Open Journal of Obstetrics and Gynecology
Vol. 3  No. 3 (2013) , Article ID: 30978 , 4 pages DOI:10.4236/ojog.2013.33062

Management of cervical intraepithelial neoplasia in Japanese pregnant women

Yuko Matsubara, Toru Fujioka, Hisashi Hashimoto, Katsuyuki Hamada, Keiichi Matsubara, Akihiro Nawa

Department of Obstetrics and Gynecology, School of Medicine, Ehime University, Toon, Japan


Copyright © 2013 Yuko Matsubara et al. This is an open access article distributed under the Creative Commons Attribution License, which permits unrestricted use, distribution, and reproduction in any medium, provided the original work is properly cited.

Received 7 February 2013; revised 10 March 2013; accepted 19 March 2013

Keywords: Cervical Intraepithelial Neoplasia; Prenancy


Objective: In this study, we evaluated the management of cervical intraepithelial neoplasia (CIN) in pregnant women and evaluated the postpartum prognosis. Methods: Twenty-four pregnant women, who were diagnosed with CIN at Ehime University Hospital between January 2008 and October 2012, were recruited. The mode of delivery and pathophysiological examination results in the postpartum period were evaluated. Results: Four patients were antenatally diagnosed with either CIN1 or CIN2. Of these patients, CIN regressed or remained stable during pregnancy, and there was no disease progression in the postpartum period. Nine patients were diagnosed with severe dysplasia (CIN3) and eleven patients had carcinoma in situ (CIS). Of these patients, 5/9 (55%) and 4/11 (36%), respectively, had disease regression postnatally. No CIN lesion progressed to invasive carcinoma after delivery. Conclusions: We determined that many cases diagnosed antenatally with CIN regressed during the postpartum period, regardless of the grade of CIN. We recommend a conservative management strategy with careful anteand postpartum examinations for pregnant women with CIN.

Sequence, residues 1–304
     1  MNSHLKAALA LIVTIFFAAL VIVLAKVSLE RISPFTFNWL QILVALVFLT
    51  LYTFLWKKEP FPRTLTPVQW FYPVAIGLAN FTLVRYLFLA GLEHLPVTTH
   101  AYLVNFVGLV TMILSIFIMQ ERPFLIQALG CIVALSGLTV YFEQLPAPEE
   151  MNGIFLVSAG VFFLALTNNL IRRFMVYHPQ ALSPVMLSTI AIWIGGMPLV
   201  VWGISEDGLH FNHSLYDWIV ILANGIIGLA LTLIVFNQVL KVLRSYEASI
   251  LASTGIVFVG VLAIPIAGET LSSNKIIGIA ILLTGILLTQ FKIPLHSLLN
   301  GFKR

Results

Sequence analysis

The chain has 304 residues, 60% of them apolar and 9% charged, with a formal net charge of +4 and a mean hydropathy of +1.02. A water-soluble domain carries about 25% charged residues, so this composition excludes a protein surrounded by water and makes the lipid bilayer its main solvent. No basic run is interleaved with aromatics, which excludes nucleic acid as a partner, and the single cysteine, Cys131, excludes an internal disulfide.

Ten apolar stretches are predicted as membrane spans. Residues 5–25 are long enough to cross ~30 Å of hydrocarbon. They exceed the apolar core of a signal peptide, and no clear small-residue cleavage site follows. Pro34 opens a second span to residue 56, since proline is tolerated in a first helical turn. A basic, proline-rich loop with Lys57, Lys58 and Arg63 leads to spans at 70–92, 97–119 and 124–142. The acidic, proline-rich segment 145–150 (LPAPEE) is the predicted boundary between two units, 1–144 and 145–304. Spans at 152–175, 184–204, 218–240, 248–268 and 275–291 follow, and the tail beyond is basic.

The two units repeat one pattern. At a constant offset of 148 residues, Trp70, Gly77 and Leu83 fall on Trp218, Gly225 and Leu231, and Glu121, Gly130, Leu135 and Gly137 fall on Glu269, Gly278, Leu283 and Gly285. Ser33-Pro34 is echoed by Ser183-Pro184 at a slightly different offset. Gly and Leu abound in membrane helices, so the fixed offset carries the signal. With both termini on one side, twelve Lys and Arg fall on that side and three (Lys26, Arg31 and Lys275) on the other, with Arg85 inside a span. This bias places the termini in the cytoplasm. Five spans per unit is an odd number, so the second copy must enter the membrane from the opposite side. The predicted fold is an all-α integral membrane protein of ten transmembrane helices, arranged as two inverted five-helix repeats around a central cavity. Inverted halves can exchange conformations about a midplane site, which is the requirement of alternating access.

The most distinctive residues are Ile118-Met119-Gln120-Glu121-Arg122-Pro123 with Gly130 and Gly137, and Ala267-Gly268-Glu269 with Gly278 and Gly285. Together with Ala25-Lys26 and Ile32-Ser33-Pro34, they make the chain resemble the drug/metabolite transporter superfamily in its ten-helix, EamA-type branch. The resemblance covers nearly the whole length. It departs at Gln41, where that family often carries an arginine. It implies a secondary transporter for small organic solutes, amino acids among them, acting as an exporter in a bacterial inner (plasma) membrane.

Cervical carcinoma is the most common malignant tumor to be diagnosed during pregnancy, with a maximum incidence of 0.5%. Recently, Al-Halal et al. reported that 3.3 cases of cervical cancer occurred per 100,000 births, and 130 cases of cervical intraepithelial neoplasia (CIN) were diagnosed per 100,000 births during pregnancy [1]. An increasing incidence of CIN among young Japanese women has been observed in recent years [2]. Fortunately, all pregnant women have multiple routine cytological examinations. Therefore, many asymptomatic women can be diagnosed at early stages of CIN.

A consensus exists on the diagnosis, evaluation and treatment of CIN in non-pregnant women [3], but such agreement does not exist for pregnant women. Indeed, the diagnosis of CIN during pregnancy raises questions regarding the management of this disease. Firstly, the interpretation of Pap smears obtained during pregnancy can be problematic as numerous physiological changes associated with the gravid state can lead to false positive results. Interestingly, it has been reported that CIN during pregnancy is likely to regress in the postpartum period [2].

In this study, we studied the progression of CIN in a cohort of pregnant women in line with the Guidelines for Obstetric Practice in Japan as a clinical practice. The aim of this study was to understand how CIN in pregnant women should be managed, and how the pathophysiological findings of CIN change in the postpartum period.